Alright, I’m gonna be honest with you guys; I have no idea how I feel about Curse of the Were-Woman by Dawn Carrington.
I might like it? But I might also hate it. I don’t know.
To help me work through my feelings, I’m gonna summarize the book for you (warning: spoilers.)
We start off with our nameless narrator, your typical college guy, complaining about his girlfriend. They’re long distance, she never visits him, she doesn’t make time for him when he visits, she gets “slutty” when she drinks, etc. Fast forward a few days to a Halloween party at the narrator’s apartment. Girlfriend’s best friend, the unbearably sexy Sara, tells the story of the were-woman, a descendent of the succubae who feed off of the male orgasm until she drains all of the “masculine energy” from her victim and he becomes a were-woman. The narrator is intrigued.
Later, Sara reveals that Slutty Girlfriend Nicole is cheating on Nameless Narrator. Narrator is angry, and Sara gives him a massage that ends, predictably, in a blowjob. She then reveals that she is in fact a were-woman. Narrator is horrified. He never wants to see her again. Sara leaves in tears.
But then Narrator can’t stop thinking about Sara. He decides that continuing to have sex with her will be fine, as long as they’re careful. They’re not careful. Narrator becomes a were-woman. She loves it. Fini.
What I loved: the mythology. Sara begins by telling the story of Lilith, the first wife of Adam, banished from Eden for being equal to man. Lilith makes a deal with the devil and becomes the first succubus, a lady demon who seduces men and fucks them until they die. Time passes, succubae become more numerous, the church begins to seek them out and kill them. The succubae summon the devil and alter Lilith’s original deal somewhat: instead of killing men, they’ll just turn them into women. That’s better, right? In any case, it’s apparently enough to get the church off their collective back.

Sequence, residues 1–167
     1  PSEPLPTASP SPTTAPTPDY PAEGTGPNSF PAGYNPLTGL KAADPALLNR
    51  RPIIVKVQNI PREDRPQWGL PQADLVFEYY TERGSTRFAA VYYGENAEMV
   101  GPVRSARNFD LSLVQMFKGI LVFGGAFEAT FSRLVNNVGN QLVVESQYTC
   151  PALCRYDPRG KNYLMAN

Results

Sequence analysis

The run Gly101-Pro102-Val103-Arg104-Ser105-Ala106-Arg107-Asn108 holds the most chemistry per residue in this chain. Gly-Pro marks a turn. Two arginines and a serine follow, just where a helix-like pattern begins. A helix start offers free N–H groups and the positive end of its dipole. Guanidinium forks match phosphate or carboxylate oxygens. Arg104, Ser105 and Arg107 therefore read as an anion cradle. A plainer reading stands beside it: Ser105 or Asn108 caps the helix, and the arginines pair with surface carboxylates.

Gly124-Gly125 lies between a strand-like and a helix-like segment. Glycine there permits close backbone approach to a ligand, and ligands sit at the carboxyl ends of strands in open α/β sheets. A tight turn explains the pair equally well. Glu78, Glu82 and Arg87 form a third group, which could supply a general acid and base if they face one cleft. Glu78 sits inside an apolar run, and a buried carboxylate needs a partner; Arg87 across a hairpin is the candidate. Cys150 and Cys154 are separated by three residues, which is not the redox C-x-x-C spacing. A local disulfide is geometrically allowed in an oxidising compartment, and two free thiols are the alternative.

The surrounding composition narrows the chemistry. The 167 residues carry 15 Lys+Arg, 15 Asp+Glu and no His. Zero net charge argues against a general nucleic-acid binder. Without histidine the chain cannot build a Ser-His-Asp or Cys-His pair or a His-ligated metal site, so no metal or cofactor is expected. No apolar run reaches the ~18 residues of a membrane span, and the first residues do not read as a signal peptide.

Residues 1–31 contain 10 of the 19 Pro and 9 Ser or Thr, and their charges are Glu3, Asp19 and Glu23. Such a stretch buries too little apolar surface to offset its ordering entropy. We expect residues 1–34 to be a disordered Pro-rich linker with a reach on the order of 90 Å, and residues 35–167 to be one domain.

The whole mythos is absurd, and I love it. It’s exactly like the vampire/werewolf story I tried to write in my dreamy teenage years (this was pre-Twilight, believe it or not).
What I didn’t love: considering that this story is written by a woman, I was surprised by the number of times other women were written of as “sluts.” On the very first page, the narrator refers to his own girlfriend as a slut. Then in the party scene, the narrator makes a point to note the “slutty” girls and their “slutty” costumes that his roommates invited, and the next morning his roommate brags about banging “one of the slutty girls.” He can’t even remember which one: “The witch. No wait, I think it was the maid.” Nice.
At this point, I’m hoping that the narrator is going to become a woman and have some kind of life-altering realization when he experiences life as a woman first-hand, but that theory pretty much went out the window when Sara made a point of saying that she is “not like other girls”—and she doesn’t mean it in the “I’m a were-woman” way. This erotic story doesn’t seem very sex positive, and I can’t groove with that.
Finally, the sex: there are only about two, maybe two and a half sex scenes in this story, and they are…okay. They’re kind of strangely technical. The words “penis” and “vagina” are used a lot, as opposed to words you’ll find more often in erotica: “cock,” “pussy,” you know. All in all, I’ve definitely read hotter sex scenes.
Overall, I would give Curse of the Were-Woman a 6.5/10. It is a fun, interesting story, but it could definitely have been better.